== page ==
The Government’s most recent move—brought in by the back door without any parliamentary debate whatsoever—temporarily allows shops to be converted into payday lenders, bookmakers or fast food shops, without any say for the local community. That is the exact opposite of what the vast majority of the public want. Polling shows that 76% of people would support the Government giving new powers to local councils to help them shape the high street in line with the wishes of the community. Can the Minister explain how his policy, which is the opposite of that, does not remove powers from local people?
I am interested in and intrigued by the hon. Lady’s new-found localism. When her party was in power—for 13 years—it had planning at the remotest regional level. Having found localism, if she, unfortunately, came into Government, what would her party do specifically to ensure that local authorities had greater powers than they have now?
I will come on to specific things that a Labour Government would do in a moment. We are arguing very strongly that local people now have little say in what happens to their high streets. Is the Minister still arguing that local authorities should use article 4 directions to get round his new policy?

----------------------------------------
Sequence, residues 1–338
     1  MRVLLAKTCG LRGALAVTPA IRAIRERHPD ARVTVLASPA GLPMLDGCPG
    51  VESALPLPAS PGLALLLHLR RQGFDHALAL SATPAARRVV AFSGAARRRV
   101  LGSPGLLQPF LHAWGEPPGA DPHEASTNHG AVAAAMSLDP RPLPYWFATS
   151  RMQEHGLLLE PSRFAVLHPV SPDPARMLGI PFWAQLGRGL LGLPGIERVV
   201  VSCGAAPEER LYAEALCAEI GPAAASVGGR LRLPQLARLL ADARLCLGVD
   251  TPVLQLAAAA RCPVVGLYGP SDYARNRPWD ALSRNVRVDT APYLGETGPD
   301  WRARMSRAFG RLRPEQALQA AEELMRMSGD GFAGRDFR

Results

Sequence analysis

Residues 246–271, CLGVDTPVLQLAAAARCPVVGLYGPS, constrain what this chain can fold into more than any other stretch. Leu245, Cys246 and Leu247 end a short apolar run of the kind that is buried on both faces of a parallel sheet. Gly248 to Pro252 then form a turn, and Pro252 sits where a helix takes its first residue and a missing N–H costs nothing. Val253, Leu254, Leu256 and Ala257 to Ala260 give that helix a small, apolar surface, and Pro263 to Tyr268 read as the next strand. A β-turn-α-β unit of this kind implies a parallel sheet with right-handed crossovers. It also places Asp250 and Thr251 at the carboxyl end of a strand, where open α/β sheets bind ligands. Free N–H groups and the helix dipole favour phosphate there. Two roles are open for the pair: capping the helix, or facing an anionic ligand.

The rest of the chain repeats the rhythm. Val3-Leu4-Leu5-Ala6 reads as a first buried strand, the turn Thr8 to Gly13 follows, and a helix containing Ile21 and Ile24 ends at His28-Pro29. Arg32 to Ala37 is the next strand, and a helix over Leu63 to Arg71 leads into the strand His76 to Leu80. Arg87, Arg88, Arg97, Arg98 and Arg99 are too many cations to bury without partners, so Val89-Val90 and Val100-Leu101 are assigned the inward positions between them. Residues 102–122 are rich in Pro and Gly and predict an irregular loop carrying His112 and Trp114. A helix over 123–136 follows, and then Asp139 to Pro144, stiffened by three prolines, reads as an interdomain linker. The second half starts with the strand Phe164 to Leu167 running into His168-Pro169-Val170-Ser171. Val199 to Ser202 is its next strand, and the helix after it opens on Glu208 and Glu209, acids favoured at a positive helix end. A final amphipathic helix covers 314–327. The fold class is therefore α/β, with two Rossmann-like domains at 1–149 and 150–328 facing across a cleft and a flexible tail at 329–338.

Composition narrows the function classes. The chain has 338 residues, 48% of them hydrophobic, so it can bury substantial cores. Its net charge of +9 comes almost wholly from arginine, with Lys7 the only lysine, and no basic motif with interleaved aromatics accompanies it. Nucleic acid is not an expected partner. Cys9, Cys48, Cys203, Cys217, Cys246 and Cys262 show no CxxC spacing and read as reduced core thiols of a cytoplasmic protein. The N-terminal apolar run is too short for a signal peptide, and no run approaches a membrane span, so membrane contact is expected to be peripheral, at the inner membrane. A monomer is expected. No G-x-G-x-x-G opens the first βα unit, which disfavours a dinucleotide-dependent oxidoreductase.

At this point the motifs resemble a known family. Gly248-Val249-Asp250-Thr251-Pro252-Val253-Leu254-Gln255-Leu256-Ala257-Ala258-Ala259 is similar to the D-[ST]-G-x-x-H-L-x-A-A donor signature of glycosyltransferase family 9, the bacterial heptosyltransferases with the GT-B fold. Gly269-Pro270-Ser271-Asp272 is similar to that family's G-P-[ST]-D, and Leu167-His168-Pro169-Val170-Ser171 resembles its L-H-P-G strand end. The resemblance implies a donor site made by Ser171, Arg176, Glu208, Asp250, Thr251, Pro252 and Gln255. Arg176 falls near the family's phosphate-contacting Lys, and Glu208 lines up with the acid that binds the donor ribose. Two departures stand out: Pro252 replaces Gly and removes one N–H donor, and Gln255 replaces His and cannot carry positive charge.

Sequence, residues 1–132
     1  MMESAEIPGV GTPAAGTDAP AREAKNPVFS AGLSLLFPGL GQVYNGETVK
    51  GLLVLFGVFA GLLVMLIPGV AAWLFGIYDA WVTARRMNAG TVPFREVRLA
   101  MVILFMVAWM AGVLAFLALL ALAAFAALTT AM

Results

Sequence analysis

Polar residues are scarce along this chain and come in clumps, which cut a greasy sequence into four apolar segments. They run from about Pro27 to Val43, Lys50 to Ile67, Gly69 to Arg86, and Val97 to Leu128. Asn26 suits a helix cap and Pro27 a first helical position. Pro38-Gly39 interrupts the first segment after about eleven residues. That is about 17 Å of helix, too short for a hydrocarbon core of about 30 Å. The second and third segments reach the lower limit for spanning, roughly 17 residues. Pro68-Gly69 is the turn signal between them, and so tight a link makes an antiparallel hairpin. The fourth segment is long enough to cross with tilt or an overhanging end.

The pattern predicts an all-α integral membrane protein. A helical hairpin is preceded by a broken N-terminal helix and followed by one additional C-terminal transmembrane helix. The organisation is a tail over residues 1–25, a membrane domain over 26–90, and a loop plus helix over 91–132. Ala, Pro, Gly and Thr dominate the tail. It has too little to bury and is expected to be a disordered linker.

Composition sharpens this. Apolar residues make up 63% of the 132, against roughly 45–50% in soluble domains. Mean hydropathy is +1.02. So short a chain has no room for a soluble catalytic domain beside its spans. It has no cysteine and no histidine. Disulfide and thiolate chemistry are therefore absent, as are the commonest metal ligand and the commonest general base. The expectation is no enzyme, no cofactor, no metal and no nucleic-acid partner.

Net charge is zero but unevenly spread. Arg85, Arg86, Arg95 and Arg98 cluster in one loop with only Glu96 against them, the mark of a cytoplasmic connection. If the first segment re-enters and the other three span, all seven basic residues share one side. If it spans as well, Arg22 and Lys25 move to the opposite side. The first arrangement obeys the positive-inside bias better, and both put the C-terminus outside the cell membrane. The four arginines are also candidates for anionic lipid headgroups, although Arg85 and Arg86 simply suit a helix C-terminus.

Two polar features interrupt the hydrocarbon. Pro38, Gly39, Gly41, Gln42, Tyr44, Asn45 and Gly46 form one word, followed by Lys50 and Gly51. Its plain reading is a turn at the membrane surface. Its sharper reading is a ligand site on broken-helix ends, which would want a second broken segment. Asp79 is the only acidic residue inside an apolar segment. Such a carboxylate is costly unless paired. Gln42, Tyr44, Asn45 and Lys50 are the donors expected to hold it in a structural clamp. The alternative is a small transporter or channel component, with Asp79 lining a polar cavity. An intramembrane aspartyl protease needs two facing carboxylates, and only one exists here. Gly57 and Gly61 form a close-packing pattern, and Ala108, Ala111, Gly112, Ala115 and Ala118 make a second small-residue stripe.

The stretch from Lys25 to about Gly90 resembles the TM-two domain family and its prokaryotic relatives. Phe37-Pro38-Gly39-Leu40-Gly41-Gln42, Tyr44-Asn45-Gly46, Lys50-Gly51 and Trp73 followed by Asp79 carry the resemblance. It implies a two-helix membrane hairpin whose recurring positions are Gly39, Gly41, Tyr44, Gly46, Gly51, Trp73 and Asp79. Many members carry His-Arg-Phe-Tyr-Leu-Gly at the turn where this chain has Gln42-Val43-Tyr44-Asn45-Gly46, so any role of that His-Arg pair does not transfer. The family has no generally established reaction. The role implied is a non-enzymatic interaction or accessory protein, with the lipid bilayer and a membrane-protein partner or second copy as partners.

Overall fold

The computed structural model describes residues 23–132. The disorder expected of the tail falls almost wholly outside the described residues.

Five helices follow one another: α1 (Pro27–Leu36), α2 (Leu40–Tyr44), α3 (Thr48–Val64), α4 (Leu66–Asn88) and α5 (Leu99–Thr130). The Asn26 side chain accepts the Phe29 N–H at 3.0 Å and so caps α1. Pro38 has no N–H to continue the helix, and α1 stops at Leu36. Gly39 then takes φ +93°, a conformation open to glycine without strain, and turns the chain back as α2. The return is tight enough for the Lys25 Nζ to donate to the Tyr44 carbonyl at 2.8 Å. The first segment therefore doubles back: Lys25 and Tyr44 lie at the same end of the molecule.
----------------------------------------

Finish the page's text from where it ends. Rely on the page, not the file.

I shall now answer the question of Geoffrey Clifton-Brown about what a Labour Government would do specifically to give powers to local communities.In May this year, my right hon. Friend Edward Miliband pledged that a future Labour Government would ensure that local people and councils have greater powers to stop the proliferation of certain types of unwanted shops or premises on their high streets, thereby showing that Labour is the party of true localism. That is the opposite of what we are now seeing under this Government, who are taking powers away from local communities, and the same is happening with neighbourhood planning. We want to build on neighbourhood planning, integrating it more clearly into the planning system and building on the success of places such as Thame in Oxfordshire, where 775 new homes have been planned for. We would like to see such success mirrored elsewhere. If we are to deliver the number of houses that we so desperately need, it is important that we work strongly with communities to gain their consent.
Our approach is a strongly localist one. We want to work with local communities to deliver growth and development, and the Minister could do worse than listen to his colleagues this morning.
It is a pleasure to serve under your chairmanship once again, Mr Hollobone.
I congratulate my right hon. Friend Nick Herbert on securing this important debate. He, as everyone here would attest, is one of the most effective campaigners in modern politics. There is probably no one to whom we owe more gratitude for the fact that we still have sterling rather than the euro, and no one who has more responsibility for the introduction of directly elected and locally accountable police commissioners. Furthermore, the passage of the Marriage (Same Sex Couples) Bill through Parliament just last night owes as much to him as to any other Member.